New media not hurting traditional broadcasting: CRTC

New media technologies are not yet having significant impact on traditional radio and television broadcasting, the Canadian Radio-television and Telecommunications Commission said in a report released Thursday.

New media technologies are not yet having significant impact on traditional radio and television broadcasting, the Canadian Radio-television and Telecommunications Commission said in a report released Thursday.

But Canadians aremoving towardadopting video and audio streamed over the internet and mobile networks and Canada's regulatory environment will have to adapt, the federal regulator said.

In the report, titled The Future Environment Facing the Canadian Broadcasting System, it noted that both private broadcasters and the CBC had urged initiatives to regulate new media.

But the CRTC rejected those calls, sayingthe time was not yet right to create new rules that would force internet and wireless broadcasters to include Canadian content or meet other standards it demands from conventional broadcasters.

Most Canadians continue to listen to conventional AM and FM radio and get most of their TV from conventional broadcasters, the CTRC found.

It estimates it will be another 10 years before a significant number of Canadians want "on-demand" media, such as video downloads and podcasting.

Young peoplestimulating change

Statistics gathered by the CRTC show younger generations are taking to these technologies in large numbers and the number of hours they spend listening to radio and watching TV is declining.

Canadians aged 12 to 14 and 15 to 19 listened to an average of 13 hours of radio weekly in 2005, but in just one year they had reduced their radio listening by up to three hours.

In 2006, the 12 to 14-year olds were listening to just 10 hours and the 15 to 19-year-olds 12 hours.

Yet average hours spent listening to radio have remained constant since 2000, with FM radio gaining ground against AM radio, which is losing listeners.

Private radio continues to make money, but digital radio seems to be stalled in Canada with Canadians unwilling to buy receivers with little new content and broadcasters unwilling to invest in content without ready listeners, the report said.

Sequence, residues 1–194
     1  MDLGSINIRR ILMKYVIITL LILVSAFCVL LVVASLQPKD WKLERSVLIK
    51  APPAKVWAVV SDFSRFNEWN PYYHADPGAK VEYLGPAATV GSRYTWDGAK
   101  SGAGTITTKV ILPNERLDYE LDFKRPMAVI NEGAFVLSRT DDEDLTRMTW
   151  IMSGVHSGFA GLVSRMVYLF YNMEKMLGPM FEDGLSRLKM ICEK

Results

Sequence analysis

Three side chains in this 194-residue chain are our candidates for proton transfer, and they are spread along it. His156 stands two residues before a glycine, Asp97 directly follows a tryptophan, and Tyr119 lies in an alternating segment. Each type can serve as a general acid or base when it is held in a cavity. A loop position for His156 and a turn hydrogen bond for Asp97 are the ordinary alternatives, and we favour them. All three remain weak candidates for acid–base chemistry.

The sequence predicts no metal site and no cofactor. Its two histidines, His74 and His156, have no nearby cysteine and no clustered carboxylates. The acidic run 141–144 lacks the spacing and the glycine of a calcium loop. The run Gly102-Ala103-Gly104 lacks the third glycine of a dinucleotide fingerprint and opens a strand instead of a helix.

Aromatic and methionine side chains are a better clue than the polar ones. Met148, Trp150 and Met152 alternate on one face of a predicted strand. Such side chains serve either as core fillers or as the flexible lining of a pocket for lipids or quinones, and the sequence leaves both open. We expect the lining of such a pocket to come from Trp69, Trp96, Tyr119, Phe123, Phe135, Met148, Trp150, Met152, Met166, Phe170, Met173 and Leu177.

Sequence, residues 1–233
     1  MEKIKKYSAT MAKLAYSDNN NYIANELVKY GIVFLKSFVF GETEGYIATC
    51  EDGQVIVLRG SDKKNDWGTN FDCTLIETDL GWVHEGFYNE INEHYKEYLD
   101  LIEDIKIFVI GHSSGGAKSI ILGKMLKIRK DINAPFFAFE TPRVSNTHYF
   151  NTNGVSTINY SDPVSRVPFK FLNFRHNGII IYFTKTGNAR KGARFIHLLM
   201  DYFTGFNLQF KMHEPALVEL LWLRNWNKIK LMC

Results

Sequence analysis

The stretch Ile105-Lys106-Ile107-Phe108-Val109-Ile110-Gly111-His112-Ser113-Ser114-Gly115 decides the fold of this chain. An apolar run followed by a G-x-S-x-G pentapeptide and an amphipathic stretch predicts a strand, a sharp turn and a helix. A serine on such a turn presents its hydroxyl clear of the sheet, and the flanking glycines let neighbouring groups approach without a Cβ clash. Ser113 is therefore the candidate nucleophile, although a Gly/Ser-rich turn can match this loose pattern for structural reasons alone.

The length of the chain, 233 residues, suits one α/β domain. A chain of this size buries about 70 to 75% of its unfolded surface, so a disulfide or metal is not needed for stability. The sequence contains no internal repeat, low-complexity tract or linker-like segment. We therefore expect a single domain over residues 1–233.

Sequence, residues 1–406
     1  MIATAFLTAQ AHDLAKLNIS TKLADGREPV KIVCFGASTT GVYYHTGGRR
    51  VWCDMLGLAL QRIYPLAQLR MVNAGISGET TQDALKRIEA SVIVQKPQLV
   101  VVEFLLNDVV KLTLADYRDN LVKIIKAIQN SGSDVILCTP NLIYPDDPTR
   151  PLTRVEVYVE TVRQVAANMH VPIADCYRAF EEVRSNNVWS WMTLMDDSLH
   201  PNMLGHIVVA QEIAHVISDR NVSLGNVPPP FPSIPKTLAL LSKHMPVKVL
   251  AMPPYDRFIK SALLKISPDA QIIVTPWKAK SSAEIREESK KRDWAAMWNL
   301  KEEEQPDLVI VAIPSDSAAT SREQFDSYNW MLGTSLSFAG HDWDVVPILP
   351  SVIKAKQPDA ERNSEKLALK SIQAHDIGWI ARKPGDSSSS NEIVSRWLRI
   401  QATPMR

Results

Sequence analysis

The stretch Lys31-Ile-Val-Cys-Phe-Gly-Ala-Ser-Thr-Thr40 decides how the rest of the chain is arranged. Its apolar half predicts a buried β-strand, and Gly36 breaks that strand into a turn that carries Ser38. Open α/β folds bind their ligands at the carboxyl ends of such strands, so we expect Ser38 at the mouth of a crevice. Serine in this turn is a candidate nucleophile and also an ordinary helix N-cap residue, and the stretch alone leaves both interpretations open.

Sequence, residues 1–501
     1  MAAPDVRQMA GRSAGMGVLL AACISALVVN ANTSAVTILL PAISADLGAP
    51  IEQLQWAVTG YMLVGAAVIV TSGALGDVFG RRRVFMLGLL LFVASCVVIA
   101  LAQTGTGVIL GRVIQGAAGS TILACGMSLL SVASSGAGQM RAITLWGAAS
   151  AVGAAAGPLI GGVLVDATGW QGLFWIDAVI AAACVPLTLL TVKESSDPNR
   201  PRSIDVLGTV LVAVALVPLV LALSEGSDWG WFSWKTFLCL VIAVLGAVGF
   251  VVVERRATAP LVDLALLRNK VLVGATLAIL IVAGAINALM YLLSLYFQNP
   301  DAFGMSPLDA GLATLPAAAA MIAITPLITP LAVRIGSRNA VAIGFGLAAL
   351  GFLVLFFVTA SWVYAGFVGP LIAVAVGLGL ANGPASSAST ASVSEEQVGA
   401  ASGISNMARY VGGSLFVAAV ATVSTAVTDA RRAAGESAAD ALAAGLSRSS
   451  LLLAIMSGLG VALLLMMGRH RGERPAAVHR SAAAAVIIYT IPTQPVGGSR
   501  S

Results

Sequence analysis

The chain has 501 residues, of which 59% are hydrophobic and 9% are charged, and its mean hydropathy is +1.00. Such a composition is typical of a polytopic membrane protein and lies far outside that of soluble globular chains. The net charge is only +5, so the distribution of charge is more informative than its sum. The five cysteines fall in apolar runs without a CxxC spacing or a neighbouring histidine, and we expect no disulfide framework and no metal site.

While podcasting is available, only eight per cent of Canadians had listened to a podcast within the past month.

Teenagers were watching less TV than they did three years ago and were more likely to have downloaded a TV show from the internet than any other demographic.

Most Canadians still watch traditional television

But the majority of Canadians still watch conventional TV, with half of householdsreceivingcable and 29 per cent getting digital cable.

The CRTC pointed to the financial health of private TVcompanies and said they did not appear to have been hurt by new media.

Canadians have been slower than Americans to adopt PersonalVideoRecorders, or PVRs. Their technologyallows the downloading of programs. Candians have expressed interest in PVRs,however.

Canada also lags the U.S. in introducing digital TV and high-definition TV.

The CRTC acknowledged in its report that all emerging technologies in broadcasting need close monitoring to determine theirlong-term impact on the sector and what role public policy might play.

"The Canadian broadcasting system must remain relevant in a global digital environment and must meet the diverse needs of Canadians of all cultures," said CRTC chairman Charles Dalfen.

The report is just one step in an ongoing review by the CRTC of its regulatory frameworks for radio, television and broadcasting distribution.

A report on high-definition TV is scheduled to come out next February and the regulation throughout the television broadcasting is also under review.